Who was the stereotypically picture-perfect wife? The super wife? The woman who seemed to never age and would be ready with dinner and a clean home, no matter how her day had been. Women through the decades have bent and weaved through holes to display this perfection. And for many decades this was an expectation. But now? Now times are changing. Today, more women are self-sufficient and men prove lacking compared to those characterized in novels. Such a thought leads us to consider the idea of being “realistic” and what that truly means.
Recently, my “For You” page on TikTok has become quite the interesting experience as it blatantly appears the app seems to know what I am thinking about. As a self-proclaimed romantic, my thoughts often wander towards romance and dating — or more specifically, romance and dating in college. Even more specifically, I wonder how dating and meeting people in college is so far removed from the scenes of courting and meeting in the ballrooms of Jane Austen novels, a disparity that always made me question: Do I, and other women like me, set standards too high?
In my opinion, no.
Relationships take work and it is impossible to say that compromises will not be made; compromises that lead to growth in the relationship and not something where any individual has to concede their ideals. But these compromises should no longer be one-sided. Indeed, being single is no longer the taboo it used to be. Studies have found that, in comparison, women are happier being single than men. Furthermore, many of these single women are not actively looking for relationships, according to a recent study determining that 61% of single men were actively looking for partners while only 38% of women were. Indeed, the number of single people has been rising steadily along with marriages occurring much later than they did in past decades. The lie that a woman needs a partner to be happy has now been staunchly rejected by research and reasoning alike.
Single women are happier now than they were in prior eras, relishing in their independence and following passions unrelated to having a family. That is not to say that many women don’t want a family; it simply shows that having high standards, in the context of a generation of independent and self-reliant young women, is sometimes the best way to find an individual — a partner — who will add more to one’s life. Indeed, it may be best to no longer refer to them as high standards, but just as standards: The properties a partner must demonstrate to be considered as an individual worth compromising for. And yes, they may include a longer list, but that is more than fair considering the compromises women have made in generations past along with the fact that everyone deserves a partner who puts equal amounts of effort into their continued relations.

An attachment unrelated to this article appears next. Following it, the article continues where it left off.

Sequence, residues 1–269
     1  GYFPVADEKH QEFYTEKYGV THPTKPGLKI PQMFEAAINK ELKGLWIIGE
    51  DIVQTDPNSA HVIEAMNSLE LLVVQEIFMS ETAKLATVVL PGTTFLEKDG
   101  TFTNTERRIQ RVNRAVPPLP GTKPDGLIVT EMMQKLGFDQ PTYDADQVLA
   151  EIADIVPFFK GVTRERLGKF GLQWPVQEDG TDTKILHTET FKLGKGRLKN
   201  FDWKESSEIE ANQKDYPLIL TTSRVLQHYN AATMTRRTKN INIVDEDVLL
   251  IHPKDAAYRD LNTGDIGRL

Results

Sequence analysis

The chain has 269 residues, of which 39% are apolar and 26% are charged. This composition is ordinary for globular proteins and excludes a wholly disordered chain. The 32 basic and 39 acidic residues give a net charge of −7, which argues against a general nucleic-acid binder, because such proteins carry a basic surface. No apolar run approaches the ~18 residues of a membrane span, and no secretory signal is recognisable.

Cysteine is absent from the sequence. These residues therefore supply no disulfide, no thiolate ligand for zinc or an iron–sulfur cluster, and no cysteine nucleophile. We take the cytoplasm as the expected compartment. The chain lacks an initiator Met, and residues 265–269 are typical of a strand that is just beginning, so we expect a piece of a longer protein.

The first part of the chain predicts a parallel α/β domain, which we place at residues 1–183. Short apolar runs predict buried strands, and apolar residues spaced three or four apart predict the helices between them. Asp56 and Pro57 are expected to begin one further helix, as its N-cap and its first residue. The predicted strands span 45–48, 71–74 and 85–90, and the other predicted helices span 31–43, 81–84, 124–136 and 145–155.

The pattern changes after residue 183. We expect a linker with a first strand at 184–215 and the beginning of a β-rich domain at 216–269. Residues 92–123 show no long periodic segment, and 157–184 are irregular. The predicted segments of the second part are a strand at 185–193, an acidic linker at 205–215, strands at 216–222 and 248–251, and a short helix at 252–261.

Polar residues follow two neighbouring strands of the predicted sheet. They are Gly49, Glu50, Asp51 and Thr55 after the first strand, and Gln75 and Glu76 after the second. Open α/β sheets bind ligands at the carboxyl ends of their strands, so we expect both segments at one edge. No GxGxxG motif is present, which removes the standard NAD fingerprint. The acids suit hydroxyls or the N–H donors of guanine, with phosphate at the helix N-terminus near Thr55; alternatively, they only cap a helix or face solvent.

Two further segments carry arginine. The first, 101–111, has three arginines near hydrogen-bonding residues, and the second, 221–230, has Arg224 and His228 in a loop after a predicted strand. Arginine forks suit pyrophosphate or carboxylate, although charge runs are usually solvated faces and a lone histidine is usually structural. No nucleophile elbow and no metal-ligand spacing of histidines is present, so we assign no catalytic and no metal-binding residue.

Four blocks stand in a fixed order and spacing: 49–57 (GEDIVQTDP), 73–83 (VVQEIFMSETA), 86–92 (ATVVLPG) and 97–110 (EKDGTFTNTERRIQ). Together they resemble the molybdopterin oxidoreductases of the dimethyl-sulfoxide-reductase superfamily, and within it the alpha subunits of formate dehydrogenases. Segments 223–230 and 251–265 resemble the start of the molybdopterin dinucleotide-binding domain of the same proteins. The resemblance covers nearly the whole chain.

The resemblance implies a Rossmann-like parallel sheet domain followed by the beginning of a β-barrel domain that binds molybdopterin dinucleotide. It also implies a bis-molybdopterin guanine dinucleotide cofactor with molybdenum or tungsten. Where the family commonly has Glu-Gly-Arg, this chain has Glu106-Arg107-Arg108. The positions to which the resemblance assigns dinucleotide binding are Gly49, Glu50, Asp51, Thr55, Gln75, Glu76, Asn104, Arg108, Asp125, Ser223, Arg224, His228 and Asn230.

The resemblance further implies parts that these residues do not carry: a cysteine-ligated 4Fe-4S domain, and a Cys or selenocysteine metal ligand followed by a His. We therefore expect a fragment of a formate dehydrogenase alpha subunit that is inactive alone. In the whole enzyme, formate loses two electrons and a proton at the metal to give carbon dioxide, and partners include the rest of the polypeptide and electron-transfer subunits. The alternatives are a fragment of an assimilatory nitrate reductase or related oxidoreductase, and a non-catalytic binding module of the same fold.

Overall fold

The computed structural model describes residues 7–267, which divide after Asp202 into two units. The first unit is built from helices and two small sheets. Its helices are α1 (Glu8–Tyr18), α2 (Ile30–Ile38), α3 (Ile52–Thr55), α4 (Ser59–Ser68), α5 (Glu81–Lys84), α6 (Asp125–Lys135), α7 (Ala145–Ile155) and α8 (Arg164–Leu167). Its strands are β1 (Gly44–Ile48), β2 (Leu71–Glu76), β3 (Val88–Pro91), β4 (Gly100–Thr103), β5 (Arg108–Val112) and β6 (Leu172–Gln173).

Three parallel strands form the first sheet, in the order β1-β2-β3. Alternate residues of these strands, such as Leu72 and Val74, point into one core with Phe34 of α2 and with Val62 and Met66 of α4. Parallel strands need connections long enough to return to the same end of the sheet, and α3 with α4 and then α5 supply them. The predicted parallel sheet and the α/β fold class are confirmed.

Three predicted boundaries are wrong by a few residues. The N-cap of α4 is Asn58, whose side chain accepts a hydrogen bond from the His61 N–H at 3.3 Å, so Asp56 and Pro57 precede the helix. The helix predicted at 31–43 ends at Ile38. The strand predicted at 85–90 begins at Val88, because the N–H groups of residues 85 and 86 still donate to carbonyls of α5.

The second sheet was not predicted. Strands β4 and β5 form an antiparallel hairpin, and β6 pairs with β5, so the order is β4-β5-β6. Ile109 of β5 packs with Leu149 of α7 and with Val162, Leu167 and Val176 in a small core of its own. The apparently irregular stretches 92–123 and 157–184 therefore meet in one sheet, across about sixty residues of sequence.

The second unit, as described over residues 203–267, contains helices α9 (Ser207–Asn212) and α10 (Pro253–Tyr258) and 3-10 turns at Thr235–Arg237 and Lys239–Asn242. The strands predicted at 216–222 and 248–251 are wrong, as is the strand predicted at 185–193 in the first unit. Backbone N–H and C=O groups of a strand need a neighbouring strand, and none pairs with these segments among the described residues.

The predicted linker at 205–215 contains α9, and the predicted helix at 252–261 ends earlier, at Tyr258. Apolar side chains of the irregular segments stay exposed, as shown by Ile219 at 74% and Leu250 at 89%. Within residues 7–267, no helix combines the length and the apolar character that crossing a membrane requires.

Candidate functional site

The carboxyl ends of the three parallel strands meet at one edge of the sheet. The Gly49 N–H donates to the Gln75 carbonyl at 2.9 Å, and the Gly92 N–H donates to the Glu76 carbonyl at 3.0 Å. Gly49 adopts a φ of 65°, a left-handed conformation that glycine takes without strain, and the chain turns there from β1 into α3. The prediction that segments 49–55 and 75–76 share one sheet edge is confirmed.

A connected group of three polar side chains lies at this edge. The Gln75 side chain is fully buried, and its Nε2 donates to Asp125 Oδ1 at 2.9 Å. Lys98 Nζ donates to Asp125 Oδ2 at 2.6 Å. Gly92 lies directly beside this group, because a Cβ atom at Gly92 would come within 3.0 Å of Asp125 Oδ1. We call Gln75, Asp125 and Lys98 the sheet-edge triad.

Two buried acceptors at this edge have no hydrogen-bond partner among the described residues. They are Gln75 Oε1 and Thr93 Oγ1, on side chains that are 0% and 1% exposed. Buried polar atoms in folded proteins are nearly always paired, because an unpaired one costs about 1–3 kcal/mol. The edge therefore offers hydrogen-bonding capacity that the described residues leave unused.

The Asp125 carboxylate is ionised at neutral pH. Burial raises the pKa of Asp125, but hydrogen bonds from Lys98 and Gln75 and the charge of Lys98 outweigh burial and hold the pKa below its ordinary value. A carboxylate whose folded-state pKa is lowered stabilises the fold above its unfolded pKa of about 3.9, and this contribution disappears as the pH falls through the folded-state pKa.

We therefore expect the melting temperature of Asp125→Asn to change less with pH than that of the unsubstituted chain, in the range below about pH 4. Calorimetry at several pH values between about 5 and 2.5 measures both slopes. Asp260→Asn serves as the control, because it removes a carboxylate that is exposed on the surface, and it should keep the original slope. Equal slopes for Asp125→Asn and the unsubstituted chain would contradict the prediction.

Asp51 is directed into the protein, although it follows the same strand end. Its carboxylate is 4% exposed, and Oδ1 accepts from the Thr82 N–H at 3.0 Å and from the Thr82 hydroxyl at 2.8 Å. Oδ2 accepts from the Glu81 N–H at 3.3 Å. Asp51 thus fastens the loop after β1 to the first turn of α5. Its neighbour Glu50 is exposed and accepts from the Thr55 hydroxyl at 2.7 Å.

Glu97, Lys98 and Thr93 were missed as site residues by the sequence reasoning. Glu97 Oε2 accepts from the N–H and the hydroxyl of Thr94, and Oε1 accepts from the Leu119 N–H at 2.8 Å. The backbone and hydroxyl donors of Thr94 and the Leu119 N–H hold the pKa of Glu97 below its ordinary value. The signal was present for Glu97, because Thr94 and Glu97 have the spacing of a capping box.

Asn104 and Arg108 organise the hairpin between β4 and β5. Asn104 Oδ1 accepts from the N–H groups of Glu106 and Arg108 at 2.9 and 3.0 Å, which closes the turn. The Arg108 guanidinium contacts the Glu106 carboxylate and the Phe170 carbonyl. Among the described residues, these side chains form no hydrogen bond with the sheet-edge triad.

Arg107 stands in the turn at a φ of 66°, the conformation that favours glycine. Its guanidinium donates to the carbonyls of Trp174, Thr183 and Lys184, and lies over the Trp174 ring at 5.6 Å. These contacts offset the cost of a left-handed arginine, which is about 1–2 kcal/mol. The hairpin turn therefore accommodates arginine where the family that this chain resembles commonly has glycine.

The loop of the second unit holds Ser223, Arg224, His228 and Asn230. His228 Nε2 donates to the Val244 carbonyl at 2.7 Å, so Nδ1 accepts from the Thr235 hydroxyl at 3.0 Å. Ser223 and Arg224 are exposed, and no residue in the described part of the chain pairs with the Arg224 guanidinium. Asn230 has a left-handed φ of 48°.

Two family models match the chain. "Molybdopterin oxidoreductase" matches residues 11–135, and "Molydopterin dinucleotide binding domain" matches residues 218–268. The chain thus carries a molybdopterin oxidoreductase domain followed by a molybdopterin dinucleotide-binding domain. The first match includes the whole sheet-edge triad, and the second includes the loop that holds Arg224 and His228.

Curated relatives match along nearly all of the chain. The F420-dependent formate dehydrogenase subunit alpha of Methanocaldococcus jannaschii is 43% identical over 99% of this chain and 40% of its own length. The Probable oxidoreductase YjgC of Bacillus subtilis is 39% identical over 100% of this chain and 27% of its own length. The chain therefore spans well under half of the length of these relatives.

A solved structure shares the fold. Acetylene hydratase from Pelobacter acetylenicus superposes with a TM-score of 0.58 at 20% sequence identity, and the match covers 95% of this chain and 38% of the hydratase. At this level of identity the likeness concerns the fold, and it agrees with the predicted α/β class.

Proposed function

This article is not directed towards any specific group of people; it is not a call to action, unless one would like to take it that way. Instead, for me at least, this perspective provides a comfort that I am right to expect as much as I give. It represents a shift towards individuals only making sacrifices for those who add to their lives and don’t force unequal concessions. It provides reassurance that being single is as fulfilling as I allow it to be. And it is not too much to believe that the romance illustrated in novels can be ours in reality. Perhaps we romantics cannot expect some magic happenings but we should expect the best for ourselves. Because it is deserved. Because it should be the given and not the ideal.